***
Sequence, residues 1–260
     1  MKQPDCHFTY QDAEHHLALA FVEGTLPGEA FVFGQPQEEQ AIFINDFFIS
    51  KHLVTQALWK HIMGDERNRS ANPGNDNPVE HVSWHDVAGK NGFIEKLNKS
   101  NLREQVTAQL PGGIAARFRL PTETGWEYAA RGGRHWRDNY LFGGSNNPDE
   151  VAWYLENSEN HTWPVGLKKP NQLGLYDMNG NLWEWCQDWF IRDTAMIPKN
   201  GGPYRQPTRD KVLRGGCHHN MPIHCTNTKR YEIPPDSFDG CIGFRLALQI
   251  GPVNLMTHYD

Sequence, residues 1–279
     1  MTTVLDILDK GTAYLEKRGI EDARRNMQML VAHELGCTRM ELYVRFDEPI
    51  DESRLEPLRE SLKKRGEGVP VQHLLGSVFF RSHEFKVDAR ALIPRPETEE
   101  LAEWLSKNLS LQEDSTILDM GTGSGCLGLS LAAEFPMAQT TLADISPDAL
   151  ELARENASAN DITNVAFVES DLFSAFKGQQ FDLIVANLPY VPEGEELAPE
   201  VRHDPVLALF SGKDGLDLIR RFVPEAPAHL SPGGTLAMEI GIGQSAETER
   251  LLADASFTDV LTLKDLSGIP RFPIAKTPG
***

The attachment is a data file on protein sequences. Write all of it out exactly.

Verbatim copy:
Sequence, residues 1–260
     1  MKQPDCHFTY QDAEHHLALA FVEGTLPGEA FVFGQPQEEQ AIFINDFFIS
    51  KHLVTQALWK HIMGDERNRS ANPGNDNPVE HVSWHDVAGK NGFIEKLNKS
   101  NLREQVTAQL PGGIAARFRL PTETGWEYAA RGGRHWRDNY LFGGSNNPDE
   151  VAWYLENSEN HTWPVGLKKP NQLGLYDMNG NLWEWCQDWF IRDTAMIPKN
   201  GGPYRQPTRD KVLRGGCHHN MPIHCTNTKR YEIPPDSFDG CIGFRLALQI
   251  GPVNLMTHYD

Sequence, residues 1–279
     1  MTTVLDILDK GTAYLEKRGI EDARRNMQML VAHELGCTRM ELYVRFDEPI
    51  DESRLEPLRE SLKKRGEGVP VQHLLGSVFF RSHEFKVDAR ALIPRPETEE
   101  LAEWLSKNLS LQEDSTILDM GTGSGCLGLS LAAEFPMAQT TLADISPDAL
   151  ELARENASAN DITNVAFVES DLFSAFKGQQ FDLIVANLPY VPEGEELAPE
   201  VRHDPVLALF SGKDGLDLIR RFVPEAPAHL SPGGTLAMEI GIGQSAETER
   251  LLADASFTDV LTLKDLSGIP RFPIAKTPG